It’s hard (well, for me it is, anyway) to give value to “evil” as an immaterial, driving or supernatural force; is “evil” something you are, something you do or something you become? I tend to think of “evil” as dependent upon action. You do evil before you become it, but you aren’t evil until you do it. Evil isn’t just floating around, poisoning existence and wearing pointy boots.

  4. braak says:

    @Wench: I think that the “willingness” part of my definition precludes entities that do harm by accident. There’s something that feels weird to me about calling something like that a monster.

    @VIP: I don’t actually know Moby-Dick that well; I kind of assumed that the whale was a problem, in general. Kind of messing people up, &c. Your perspective makes Ahab intensely more narcissistic.

  5. V.I.P. Referee says:

    If Moby Dick were pursuing–or “out to get”–Ahab, as the mad old plank thought, than “Id-Monster” might suit for classification. Moby Dick was just humming along, being a big whale before the whalers found him. Can’t demonize him for that. Maybe he’d be considered a monster to the animals chased for his dinner (if they could consciously consider something like that) but it’s unfair to compare him to something like, say, “The Kraken”.

  6. braak says:

    As a sperm whale, Moby-Dick probably ate the Kraken. Though, to be fair, it’s not like the Kraken hunts men–it mostly just kills whoever happens to crash into it.

    But again, the idea of Moby-Dick going after Ahab precludes it being an Id-Monster, because Id-Monsters only fulfill their immediate needs; they are monsters because their immediate needs are harmful to the protagonists. Or humanity in general.

  7. V.I.P. Referee says:

    …but Moby Dick doesn’t eat humans or whaling vessels. Moby Dick has no personal interest in pursuing Ahab. Ahab can’t make his body whole again by killing Moby Dick. Ahab doesn’t need anything from Moby Dick that the whale is preventing him from getting; Is M.D. a monster just because he’s big, powerful and can dive deeply underwater for long periods of time, unlike Ahab?

    Ahab wants vengence for vengence’s sake. It’s exclusively human (as far as we can determine) to desire something so complex as wanting to enact revenge on someone. If another kind of animal, besides the human one, watches its prey get away, that predator might become flustered because it lost a meal, but I’d doubt any future stalking of that same prey, by the same predator, would have the motive of vengence behind it. Ahab’s anger is akin to a potential rapist wanting to torture (beyond just rape) a potential victim, simply because that person escaped before the act could be performed. There was no “need” behind the original desired act, only want for something (Ahab does not need to eat whale meat in order to survive, in the way non-opportunistic animals need to eat certain things and creatures, but he wants to render whale blubber down into a sellable oil–a product that could make him very wealthy. He hates that his superiority is questioned. On the boat, he’s ruler of The Universe, but he’s no match against a whale in the ocean.)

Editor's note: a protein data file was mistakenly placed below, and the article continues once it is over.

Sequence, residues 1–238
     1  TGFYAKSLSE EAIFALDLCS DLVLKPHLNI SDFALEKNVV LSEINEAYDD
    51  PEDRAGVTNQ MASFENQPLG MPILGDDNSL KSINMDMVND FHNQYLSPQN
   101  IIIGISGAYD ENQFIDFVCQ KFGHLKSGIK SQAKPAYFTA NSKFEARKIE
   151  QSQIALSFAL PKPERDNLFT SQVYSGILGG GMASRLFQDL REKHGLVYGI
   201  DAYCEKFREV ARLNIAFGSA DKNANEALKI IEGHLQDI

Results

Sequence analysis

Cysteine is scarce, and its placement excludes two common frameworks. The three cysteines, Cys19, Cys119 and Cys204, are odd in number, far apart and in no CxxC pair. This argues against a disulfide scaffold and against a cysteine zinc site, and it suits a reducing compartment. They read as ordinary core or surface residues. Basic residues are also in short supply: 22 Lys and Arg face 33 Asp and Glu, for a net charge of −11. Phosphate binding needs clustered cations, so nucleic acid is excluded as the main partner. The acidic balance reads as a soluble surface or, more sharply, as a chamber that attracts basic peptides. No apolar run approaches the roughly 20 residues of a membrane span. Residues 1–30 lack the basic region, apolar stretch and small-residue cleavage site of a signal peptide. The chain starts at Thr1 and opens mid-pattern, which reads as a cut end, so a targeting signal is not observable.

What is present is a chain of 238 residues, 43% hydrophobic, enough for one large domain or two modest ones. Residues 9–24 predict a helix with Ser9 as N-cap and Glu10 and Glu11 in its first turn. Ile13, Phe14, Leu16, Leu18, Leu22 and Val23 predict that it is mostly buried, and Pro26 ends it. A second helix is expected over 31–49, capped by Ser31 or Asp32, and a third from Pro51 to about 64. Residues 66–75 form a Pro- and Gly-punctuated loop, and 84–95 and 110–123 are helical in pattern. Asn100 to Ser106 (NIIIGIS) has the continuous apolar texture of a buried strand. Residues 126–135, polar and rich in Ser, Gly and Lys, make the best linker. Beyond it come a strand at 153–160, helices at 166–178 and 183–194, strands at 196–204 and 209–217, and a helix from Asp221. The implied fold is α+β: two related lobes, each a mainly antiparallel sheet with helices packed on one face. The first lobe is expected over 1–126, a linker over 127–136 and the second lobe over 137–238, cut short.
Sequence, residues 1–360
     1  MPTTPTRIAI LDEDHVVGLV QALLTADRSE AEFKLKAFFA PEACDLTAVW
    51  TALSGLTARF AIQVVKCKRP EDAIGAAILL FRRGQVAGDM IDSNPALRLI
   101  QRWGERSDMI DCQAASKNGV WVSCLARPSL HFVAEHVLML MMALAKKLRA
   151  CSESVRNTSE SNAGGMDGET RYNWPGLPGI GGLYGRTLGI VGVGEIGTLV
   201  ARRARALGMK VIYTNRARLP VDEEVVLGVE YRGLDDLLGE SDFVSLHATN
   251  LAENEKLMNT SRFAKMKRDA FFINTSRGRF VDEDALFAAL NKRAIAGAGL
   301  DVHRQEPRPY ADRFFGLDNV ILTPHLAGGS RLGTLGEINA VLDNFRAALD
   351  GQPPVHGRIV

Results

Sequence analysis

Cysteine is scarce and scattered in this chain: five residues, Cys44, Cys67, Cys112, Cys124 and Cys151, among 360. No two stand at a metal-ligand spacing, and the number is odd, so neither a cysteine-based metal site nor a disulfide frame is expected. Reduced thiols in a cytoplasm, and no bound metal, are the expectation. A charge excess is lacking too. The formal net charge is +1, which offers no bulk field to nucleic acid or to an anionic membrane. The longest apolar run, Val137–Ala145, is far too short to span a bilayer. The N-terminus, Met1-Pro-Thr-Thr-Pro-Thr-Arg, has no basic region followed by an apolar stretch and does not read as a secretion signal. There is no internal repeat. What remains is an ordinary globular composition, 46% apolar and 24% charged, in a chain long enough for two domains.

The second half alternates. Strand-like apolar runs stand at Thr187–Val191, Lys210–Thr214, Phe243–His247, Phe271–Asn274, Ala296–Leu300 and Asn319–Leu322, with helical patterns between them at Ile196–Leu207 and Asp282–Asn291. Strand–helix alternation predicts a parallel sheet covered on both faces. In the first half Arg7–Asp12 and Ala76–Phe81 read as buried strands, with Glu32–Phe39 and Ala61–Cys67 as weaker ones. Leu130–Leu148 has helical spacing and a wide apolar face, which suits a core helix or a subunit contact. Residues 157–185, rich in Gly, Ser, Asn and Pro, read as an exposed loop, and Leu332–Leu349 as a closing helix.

(…and The Kraken, modeled on giant squids, could’ve taken Moby. Surprisingly, many Sperm Whales have met their deaths in the killer hugs of Giant Squids…)

  8. braak says:

    Well, like I said, I am not real familiar with Moby-Dick. I had kind of assumed the whale was wrecking ships and such, which is why I qualified him as a monster.

    And, not actually that many sperm whales have met their deaths to giant squids. Giant squids are one of the foods that sperm whales eat. That is why they can dive so deep–so they can eat the squids.

  9. Your classification remains sound. I vote this system be named “the Braak Taxonomy” in all future online discussions of monsters. I also predict that in future online discussion of the Braak Taxonomy, someone will trigger Moff’s Law.

  10. wench says:

    Revenge is not exclusively human. Cats take revenge. It’s simplistic revenge, true, but they do get have a “get back at the asshole” setting somewhere in their brains.

  11. […] de recomendar textos brillantes escritos por otros. Por ejemplo, este post de Chris Braak, titulado On the principle motivating spirit of monsters y publicado originalmente en Threat Quality Press. El autor se plantea cuáles son los objetivos […]